Female Brain versus Male Brain
Considered the “CEO of the brain,” the PFC makes decisions and inhibits rash behavior. It’s where we process anger, fear, and aggression. It’s larger in women and matures a full two years before men, usually by the early 20s. Because women have larger prefrontal cortexes, they may be less easy to make angry, Brizendine says.
Responsible for much of our decision making ability, it is fatter and more complex in women. Some neuroscientists believe that women are hard-wired to be better decision-makers and problem-solvers.
Anterior Cingulate Cortex
The source of women’s “gut feelings” is larger in women. It weighs options, detects conflicts, motivates decisions, and is known as the area of self-consciousness.
The insula is a portion of the cerebral cortex that processes gut feelings and is larger is women. “The relationship between a woman’s gut feeling and her intuitive hunches is grounded in biology,” Brizendine says.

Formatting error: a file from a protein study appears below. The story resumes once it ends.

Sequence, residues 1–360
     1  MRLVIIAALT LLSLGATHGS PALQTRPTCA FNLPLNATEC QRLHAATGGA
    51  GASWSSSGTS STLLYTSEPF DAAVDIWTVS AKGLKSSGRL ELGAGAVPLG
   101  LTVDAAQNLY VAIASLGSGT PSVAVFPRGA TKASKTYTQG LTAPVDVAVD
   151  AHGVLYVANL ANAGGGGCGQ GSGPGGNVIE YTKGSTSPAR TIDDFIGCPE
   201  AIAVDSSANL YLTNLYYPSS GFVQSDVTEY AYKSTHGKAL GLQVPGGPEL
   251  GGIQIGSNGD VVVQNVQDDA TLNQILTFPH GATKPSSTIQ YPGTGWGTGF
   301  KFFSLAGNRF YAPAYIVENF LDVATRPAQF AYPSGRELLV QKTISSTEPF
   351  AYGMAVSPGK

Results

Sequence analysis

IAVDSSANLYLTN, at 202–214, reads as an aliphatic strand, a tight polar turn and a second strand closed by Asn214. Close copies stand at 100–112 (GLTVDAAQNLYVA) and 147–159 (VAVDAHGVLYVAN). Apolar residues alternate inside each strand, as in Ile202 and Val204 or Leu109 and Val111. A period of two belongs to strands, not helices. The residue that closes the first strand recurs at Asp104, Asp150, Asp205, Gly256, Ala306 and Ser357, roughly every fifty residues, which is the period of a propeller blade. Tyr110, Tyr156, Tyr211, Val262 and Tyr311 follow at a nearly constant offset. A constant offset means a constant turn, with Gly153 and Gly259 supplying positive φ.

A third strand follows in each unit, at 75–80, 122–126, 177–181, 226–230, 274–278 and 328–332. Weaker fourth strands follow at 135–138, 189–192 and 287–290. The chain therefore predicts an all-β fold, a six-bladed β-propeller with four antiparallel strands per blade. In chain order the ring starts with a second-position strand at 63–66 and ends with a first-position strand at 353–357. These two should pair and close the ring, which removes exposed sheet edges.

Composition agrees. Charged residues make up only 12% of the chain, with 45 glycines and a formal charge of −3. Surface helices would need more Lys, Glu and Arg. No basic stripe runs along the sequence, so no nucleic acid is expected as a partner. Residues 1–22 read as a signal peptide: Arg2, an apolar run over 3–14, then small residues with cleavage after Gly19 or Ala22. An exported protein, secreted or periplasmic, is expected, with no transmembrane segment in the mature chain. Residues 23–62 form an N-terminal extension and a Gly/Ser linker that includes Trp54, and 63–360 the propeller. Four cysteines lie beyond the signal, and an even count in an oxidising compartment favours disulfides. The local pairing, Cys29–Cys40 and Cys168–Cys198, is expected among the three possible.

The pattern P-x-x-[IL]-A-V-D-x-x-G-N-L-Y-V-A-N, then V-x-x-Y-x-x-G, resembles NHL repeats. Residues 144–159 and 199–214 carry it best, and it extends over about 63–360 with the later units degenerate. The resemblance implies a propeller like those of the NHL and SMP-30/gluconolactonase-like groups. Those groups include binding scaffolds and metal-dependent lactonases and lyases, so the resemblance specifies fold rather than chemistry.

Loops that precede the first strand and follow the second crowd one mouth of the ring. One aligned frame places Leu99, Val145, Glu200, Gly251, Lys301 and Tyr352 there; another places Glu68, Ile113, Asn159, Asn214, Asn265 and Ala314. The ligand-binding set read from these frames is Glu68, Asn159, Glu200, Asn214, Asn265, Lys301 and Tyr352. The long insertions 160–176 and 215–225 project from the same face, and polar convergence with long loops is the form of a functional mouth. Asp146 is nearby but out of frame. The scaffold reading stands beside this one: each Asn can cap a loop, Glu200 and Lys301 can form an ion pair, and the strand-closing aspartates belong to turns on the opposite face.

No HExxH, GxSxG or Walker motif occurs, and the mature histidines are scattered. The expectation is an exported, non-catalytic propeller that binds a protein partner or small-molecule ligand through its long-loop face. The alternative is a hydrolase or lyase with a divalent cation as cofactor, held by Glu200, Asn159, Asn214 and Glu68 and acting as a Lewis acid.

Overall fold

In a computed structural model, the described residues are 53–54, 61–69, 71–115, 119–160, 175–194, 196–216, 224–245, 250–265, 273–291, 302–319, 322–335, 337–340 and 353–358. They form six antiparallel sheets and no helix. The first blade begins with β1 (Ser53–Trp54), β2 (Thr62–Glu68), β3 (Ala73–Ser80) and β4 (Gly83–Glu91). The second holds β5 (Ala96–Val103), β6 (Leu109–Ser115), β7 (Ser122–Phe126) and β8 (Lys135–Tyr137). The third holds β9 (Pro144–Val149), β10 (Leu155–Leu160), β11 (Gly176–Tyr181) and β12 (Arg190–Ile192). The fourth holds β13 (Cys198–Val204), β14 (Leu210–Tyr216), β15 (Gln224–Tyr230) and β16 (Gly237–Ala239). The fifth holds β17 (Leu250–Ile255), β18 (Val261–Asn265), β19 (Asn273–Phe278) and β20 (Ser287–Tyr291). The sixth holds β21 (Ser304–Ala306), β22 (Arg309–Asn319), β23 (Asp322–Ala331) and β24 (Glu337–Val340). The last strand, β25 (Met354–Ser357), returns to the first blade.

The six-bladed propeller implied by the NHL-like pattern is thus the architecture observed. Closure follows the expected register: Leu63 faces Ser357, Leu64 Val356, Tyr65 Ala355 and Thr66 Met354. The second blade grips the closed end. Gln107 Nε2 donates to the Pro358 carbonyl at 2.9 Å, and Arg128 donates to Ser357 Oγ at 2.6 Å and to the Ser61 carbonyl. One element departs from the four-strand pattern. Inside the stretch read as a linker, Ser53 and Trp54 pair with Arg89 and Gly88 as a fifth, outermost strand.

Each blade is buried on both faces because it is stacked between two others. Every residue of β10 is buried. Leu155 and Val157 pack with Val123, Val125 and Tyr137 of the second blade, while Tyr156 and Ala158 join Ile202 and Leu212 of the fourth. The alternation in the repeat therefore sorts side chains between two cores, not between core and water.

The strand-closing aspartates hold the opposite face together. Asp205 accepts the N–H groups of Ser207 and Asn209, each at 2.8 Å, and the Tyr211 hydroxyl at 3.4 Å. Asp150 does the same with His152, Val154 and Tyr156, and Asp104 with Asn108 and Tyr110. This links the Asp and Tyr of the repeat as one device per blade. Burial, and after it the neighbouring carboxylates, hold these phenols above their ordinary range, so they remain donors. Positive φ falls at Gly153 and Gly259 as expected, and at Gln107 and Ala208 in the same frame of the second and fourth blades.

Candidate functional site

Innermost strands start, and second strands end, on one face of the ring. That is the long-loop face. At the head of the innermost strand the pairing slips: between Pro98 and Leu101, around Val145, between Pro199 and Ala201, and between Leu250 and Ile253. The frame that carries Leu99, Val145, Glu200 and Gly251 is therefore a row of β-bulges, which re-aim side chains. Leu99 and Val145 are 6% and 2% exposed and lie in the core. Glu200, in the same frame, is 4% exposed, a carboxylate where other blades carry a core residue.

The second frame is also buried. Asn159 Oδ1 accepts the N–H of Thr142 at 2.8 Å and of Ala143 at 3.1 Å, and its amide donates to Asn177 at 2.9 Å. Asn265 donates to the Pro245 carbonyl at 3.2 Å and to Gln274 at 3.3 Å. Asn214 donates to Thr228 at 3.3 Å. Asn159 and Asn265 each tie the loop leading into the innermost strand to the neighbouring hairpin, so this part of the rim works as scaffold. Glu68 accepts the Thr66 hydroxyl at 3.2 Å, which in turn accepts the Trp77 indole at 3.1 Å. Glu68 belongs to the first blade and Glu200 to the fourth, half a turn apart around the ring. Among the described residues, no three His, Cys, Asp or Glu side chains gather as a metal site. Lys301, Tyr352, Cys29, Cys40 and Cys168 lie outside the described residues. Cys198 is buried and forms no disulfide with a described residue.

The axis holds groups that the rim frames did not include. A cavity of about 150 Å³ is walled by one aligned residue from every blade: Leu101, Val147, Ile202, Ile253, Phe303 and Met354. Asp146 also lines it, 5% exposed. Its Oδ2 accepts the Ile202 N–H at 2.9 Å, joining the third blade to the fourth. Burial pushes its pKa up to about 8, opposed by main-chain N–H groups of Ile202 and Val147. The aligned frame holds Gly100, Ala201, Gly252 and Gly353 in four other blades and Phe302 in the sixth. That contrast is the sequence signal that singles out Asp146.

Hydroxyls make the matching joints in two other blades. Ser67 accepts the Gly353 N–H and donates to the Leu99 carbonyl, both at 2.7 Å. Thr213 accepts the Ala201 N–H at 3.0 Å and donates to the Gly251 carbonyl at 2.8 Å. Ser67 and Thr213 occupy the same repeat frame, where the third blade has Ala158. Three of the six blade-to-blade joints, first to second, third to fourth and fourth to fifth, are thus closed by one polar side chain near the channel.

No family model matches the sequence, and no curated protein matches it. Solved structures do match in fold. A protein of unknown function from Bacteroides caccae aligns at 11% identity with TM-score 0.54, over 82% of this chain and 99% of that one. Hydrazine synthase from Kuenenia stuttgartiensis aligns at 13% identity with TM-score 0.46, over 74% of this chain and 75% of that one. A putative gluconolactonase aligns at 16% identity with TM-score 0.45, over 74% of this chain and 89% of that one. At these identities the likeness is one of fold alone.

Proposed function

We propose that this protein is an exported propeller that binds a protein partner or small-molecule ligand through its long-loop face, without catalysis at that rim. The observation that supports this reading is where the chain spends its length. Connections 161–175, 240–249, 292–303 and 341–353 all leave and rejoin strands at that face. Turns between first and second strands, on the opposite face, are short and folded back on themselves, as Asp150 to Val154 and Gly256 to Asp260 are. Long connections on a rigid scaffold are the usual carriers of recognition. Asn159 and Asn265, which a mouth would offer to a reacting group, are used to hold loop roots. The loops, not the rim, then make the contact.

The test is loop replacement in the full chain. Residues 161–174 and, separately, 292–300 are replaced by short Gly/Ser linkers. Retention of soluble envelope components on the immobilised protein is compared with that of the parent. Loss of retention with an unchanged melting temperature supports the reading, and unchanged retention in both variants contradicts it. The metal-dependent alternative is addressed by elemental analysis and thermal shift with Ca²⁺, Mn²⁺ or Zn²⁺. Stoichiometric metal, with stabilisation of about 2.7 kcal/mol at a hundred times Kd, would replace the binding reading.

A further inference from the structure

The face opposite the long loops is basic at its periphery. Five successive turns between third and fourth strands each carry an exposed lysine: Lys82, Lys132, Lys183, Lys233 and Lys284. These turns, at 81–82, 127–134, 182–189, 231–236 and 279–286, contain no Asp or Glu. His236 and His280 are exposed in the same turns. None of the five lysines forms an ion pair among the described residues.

The brain’s memory center that turns short-term memories into long-term ones. It’s larger in women than in men. Women have an often better memory for details, both pleasant and unpleasant, Brizendine says. “It’s the elephant that never forgets a fight, a romantic encounter or a tender moment — and won’t let you either.”
When women were showed a horror film, their left-side amygdala (they have two), which pays attention to detail and internal thought, lit up. When men saw the same slasher flick, their right side was activated, which is associated with action and external environment. Scientists believe this may account for why men are more likely to respond with their fists when attacked or threatened.
It’s when neurons in the brain fire when a person experiences an event and when she observes an action. Known as the body’s “empathy” system, which enables a person to “feel” the pain of others. Used in understanding the action of other people, language acquisition through imitation, and the “I know how you feel” sentiment. It’s larger and more active in females, according to a recent study conducted by Dr. Ya-Wei Cheng, a Taiwanese neuroscientist.